In the exercise of its mandate, the Constitutional Committee should bear in mind the dual character of Jammu and Kashmir, viz., that it is a constituent unit of the Indian Union and that it enjoys a special status in the said Union, enshrined in Article 370 of the Constitution of India. It should also bear in mind the dual character of the people of the state, viz that they are both state subjects and Indian citizens. The review should, therefore, have to determine whether – and to what extent – the Central Acts and Articles of the Constitution of India, extended with or without amendment to the state, have dented Jammu and Kashmir’s special status and abridged the state government’s powers to cater to the welfare of its people.
The Constitutional Committee should be future-oriented in that it should conduct its review solely on the basis of the powers that the state needs to address the political, economic, social and cultural interests, concerns, grievances and aspirations of the people in all the three regions of the state – Jammu, Kashmir and Ladakh – and all its sub-regions and communities. In this connection, the Committee should also need to reflect on the quantum of legislative, financial and administrative powers that the state government should delegate to the three regions at all levels of governance – the regional, district and panchayat / municipality.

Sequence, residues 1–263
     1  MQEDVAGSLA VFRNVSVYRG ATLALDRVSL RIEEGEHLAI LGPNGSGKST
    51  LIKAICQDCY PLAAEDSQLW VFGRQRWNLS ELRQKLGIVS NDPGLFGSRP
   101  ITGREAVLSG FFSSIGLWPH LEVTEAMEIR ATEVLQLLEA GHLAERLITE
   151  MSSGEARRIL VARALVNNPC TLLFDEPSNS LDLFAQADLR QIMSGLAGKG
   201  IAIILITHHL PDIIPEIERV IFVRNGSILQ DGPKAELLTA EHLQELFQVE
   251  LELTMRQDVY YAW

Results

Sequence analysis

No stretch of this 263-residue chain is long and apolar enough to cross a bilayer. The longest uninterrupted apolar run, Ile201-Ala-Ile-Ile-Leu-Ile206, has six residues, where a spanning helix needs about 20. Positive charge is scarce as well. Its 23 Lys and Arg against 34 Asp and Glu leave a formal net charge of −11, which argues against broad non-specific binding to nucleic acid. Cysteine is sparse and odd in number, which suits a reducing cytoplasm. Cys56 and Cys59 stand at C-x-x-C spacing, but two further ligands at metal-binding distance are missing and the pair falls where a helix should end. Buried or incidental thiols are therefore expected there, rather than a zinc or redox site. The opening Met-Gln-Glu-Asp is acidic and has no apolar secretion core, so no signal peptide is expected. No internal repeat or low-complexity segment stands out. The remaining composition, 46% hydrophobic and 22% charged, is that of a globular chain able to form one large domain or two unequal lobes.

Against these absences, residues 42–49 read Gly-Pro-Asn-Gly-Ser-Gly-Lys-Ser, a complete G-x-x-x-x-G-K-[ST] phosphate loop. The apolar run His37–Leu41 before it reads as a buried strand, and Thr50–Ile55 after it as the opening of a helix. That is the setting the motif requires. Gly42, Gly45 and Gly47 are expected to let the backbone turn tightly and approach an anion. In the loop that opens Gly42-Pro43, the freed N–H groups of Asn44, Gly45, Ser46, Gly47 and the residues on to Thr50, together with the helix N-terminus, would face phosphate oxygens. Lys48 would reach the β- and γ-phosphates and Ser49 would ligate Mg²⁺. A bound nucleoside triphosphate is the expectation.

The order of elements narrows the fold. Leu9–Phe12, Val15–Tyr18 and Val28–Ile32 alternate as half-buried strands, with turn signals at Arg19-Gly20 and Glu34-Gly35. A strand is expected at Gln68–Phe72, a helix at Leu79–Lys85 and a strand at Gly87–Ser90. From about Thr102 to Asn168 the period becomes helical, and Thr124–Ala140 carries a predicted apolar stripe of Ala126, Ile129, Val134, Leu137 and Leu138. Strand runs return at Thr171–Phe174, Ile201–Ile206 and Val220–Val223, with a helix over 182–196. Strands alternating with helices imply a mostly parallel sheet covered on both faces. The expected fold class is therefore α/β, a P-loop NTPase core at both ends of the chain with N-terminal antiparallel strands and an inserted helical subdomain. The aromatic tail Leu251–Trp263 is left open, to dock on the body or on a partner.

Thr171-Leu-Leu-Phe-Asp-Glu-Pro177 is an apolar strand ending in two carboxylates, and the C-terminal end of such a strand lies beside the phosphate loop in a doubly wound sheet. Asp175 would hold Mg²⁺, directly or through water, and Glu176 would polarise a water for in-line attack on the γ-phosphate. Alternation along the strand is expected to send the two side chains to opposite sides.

The Constitutional Committee should be requested to complete its work within six months. Its recommendations must be reached through consensus so that they are acceptable to all stake-holders represented in the State Assembly and in Parliament. The next step would be for the President, in exercise of the powers conferred by Clauses (1) and (3) of Article 370 of the Constitution, to issue an order incorporating the recommendations of the Constitutional Committee. The order would need to be ratified by a bill in both Houses of Parliament and by each House in the State Legislature by a margin of not less than two-thirds majority of the total membership present and voting in each House. It would then be presented to the President for assent. Once this process is over, Clauses (1) and (3) of Article 370 shall cease to be operative and no orders shall be made by the President hereafter under the said clauses as from the date of the final order.
The recommendations of the Group on certain issues of contention are as follows:
1. Delete the word ‘temporary’ from the heading of Article 370 and from the title of Part XXI of the Constitution. Replace it with the word ‘special’ as it has been used for other States under article 371 (Maharashtra and Gujarat); Article 371A (Nagaland); 371B (Assam); 371C (Manipur); 371D and E (Andhra Pradesh); 371F (Sikkim); 371G (Mizoram); 371H (Arunachal Pradesh); 371I (Goa).